Stimulus Control and the Avoidance of Evils

When a child learns that asking his mother for money results in getting that valued item and that asking his father does not, it isn’t hard to guess who he’s gonna ask. In out lingo, we say that Mom is an SD (pronounced “ess-dee”), that is, a discriminative stimulus -a stimulus in the presence of which asking is reinforced. Dad, on the other hand, we say is an SΔ ("ess-delta"), a stimulus in the presence of which asking is not reinforced. The astute observer will recognize this as an instance of stimulus control of asking, the moderately sophisticated observer will note that what is going on here is the formation of a discrimination, and the less behaviorally sophisticated observer might even suggest that the child is discriminating between Mom and Dad.

Our astute colleague above got it right in saying that one parent is an SD and the other an SΔ for asking – at least this is how I would label the scenario in the first sentence. I have to point out, though, that stimulus control is something of a misnomer, because the stimuli in the form of Mom and Dad control the response of asking only because they are differentially associated with reinforcement (Mom passes out the cash, Dad does not). If neither or both provided money when asked, asking would occur to neither or both, respectively. That is, Mom and Dad would not differentially control behavior. Stimulus control requires differential reinforcement. The point is that it isn’t the stimulus that really is controlling the behavior, it is the response-reinforcer relation in the context of Mom doling out the cash and Dad not doing so. An important lesson.

Why, you may ask, do we need a term like “stimulus control” rather than the older terms of “discrimination” and “generalization” (responding similar to physically different stimuli)? Because stimulus control avoids at least two evils (evils because they distort and misrepresent the ways in which behavior actually is determined) that plague conventional descriptions of this behavioral process

First, discrimination and generalization are quite acceptable so long as they refer to the behavioral process and not to the behaver. Unfortunately, it is oh so easy to slip into the latter description, as did our behaviorally unsophisticated observer in the first paragraph. All of a sudden, he is not speaking of the behavioral process of stimulus differentiation, but of the young man doing the discriminating (or generalizing if he responds similarly to both parents). The behavioral process accountable for by behavior environment relations (read: stimulus control) too easily becomes an instance of the behaver, the young man, being the agent of his or her own behavior. It takes the cause of the behavior out of the environment and puts it inside the person, which is antithetical to a scientific view of behavior.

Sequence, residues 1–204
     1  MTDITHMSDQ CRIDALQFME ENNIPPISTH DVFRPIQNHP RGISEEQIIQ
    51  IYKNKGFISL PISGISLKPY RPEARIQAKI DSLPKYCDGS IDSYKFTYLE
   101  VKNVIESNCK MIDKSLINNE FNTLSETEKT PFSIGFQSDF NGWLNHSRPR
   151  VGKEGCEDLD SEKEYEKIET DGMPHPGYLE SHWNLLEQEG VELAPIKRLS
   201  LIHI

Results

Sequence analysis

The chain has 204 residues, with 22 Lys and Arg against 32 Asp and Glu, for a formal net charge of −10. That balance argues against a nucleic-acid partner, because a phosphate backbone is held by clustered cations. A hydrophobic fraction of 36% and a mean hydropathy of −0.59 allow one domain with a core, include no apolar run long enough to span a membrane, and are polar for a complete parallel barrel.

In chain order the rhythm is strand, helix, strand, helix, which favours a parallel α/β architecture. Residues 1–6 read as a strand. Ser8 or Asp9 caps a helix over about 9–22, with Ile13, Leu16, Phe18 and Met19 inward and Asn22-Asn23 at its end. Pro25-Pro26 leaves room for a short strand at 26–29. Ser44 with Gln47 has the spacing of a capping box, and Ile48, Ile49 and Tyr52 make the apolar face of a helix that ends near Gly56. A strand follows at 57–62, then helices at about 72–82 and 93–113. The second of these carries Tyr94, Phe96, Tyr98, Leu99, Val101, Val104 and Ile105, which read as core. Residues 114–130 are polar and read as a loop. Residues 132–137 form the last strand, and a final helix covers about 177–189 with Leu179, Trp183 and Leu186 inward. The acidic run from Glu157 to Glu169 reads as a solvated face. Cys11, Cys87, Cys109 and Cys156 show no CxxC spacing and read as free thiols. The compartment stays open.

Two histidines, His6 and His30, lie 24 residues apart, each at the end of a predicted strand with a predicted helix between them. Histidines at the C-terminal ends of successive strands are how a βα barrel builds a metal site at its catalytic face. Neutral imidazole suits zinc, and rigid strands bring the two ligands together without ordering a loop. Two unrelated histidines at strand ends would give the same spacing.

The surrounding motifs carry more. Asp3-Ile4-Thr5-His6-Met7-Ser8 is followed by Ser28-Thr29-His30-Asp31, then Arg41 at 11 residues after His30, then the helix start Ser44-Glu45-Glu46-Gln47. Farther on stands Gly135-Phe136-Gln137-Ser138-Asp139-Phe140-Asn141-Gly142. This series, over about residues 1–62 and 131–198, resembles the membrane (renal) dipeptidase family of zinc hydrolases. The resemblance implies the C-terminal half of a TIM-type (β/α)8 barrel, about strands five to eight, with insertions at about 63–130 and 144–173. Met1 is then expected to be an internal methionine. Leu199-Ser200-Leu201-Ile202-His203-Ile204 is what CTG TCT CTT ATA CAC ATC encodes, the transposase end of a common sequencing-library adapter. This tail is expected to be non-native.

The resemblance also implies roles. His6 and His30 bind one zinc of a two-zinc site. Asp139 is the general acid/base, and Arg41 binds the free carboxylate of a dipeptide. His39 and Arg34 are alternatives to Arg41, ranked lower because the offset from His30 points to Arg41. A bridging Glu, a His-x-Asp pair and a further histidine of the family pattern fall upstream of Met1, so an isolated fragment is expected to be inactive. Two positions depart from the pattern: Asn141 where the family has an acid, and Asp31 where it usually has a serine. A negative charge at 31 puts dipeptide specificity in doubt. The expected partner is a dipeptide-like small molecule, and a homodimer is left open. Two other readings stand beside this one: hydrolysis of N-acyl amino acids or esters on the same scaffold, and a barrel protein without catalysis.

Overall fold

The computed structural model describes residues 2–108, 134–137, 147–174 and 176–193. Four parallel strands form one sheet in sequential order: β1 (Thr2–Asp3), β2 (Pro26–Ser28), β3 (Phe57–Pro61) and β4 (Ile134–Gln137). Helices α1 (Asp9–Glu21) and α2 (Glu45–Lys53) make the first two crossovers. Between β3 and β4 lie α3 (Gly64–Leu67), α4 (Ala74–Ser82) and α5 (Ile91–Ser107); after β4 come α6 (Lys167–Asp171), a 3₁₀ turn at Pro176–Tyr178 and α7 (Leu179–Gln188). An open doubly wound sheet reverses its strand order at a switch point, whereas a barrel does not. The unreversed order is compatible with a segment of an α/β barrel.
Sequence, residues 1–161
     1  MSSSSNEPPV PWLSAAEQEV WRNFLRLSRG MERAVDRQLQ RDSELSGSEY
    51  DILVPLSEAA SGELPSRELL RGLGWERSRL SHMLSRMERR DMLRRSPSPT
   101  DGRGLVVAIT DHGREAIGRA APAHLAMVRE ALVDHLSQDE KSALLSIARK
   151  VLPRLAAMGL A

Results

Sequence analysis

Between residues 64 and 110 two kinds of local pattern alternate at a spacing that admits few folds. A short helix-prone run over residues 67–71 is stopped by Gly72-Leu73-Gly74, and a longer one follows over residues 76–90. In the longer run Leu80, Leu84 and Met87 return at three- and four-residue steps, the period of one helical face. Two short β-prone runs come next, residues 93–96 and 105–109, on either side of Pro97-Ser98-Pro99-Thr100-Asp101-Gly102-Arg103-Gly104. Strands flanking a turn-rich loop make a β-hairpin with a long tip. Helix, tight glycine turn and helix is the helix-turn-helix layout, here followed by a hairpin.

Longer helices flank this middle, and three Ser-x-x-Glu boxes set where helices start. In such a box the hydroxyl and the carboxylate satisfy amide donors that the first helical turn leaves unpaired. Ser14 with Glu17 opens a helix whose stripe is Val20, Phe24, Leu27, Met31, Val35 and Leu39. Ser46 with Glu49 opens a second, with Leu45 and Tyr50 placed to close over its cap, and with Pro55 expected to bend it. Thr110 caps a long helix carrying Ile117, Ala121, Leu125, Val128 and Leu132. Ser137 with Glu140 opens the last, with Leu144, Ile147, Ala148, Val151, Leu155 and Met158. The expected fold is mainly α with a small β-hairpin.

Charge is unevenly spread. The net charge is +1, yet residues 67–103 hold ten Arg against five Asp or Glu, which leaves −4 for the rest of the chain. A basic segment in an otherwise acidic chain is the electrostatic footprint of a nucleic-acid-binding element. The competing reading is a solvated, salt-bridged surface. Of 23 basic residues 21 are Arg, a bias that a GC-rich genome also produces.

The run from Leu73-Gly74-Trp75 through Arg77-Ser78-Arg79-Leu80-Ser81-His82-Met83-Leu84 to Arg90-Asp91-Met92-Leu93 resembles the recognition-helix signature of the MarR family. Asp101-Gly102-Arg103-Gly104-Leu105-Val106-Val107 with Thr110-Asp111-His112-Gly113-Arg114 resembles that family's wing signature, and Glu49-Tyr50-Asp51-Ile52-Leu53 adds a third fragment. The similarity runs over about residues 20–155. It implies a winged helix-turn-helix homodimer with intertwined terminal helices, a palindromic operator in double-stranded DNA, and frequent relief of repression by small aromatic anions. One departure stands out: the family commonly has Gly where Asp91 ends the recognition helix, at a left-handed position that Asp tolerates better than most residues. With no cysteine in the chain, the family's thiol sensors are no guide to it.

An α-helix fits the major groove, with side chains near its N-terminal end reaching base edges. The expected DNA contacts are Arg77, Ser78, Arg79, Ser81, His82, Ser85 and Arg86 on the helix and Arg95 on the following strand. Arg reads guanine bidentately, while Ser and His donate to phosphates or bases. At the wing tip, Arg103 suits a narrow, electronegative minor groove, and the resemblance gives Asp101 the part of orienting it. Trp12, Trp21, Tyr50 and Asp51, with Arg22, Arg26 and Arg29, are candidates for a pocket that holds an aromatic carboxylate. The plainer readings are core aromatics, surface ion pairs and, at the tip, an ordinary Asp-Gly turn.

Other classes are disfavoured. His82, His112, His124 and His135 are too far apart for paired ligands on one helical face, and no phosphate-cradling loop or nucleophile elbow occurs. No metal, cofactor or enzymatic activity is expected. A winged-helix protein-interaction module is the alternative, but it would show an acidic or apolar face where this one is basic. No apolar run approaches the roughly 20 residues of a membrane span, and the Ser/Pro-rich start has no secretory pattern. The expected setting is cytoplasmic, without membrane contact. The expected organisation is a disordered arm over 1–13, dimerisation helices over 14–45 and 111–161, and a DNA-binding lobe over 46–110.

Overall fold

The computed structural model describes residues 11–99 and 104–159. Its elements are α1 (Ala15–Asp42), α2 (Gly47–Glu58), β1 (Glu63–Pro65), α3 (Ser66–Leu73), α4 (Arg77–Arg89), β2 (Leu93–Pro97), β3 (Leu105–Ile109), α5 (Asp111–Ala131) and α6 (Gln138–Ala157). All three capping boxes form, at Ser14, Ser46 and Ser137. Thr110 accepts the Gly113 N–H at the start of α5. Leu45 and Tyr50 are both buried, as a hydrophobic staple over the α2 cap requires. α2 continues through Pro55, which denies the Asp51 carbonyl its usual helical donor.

As a second example, consider the cartoon above. Our furry (except for the tail, of course) friend notes that when the light comes on, he presses the lever and gets a check (I doubt that). It is tempting for many to say that the rat is pressing the lever “in order to get paid,” or that our young man is asking “in order to get money.” The cause of pressing and asking in these descriptions is in the future, not in the present. This is teleological. It is like saying that a dropped rock from the hand falls because it is seeking earth, which makes no sense. Stimulus control fixes this. It is the light in the cartoon or Mom in our first example that causes the response and the absence of the light or Dad that causes the response to not occur. When we say the behavior is controlled by the stimulus, the behavior occurs because of something in the here and now, it is not caused by some future reinforcer that exists only the mind’s eye of the rodent or lad.




Posted by Andy Lattal, Ph.D.

Dr. Andy Lattal is the Centennial Professor of Psychology at West Virginia University (WVU). Lattal has authored over 150 research articles and chapters on conceptual, experimental, and applied topics in behavior analysis and edited seven books and journal special issues, including APA’s memorial tribute to B. F. Skinner.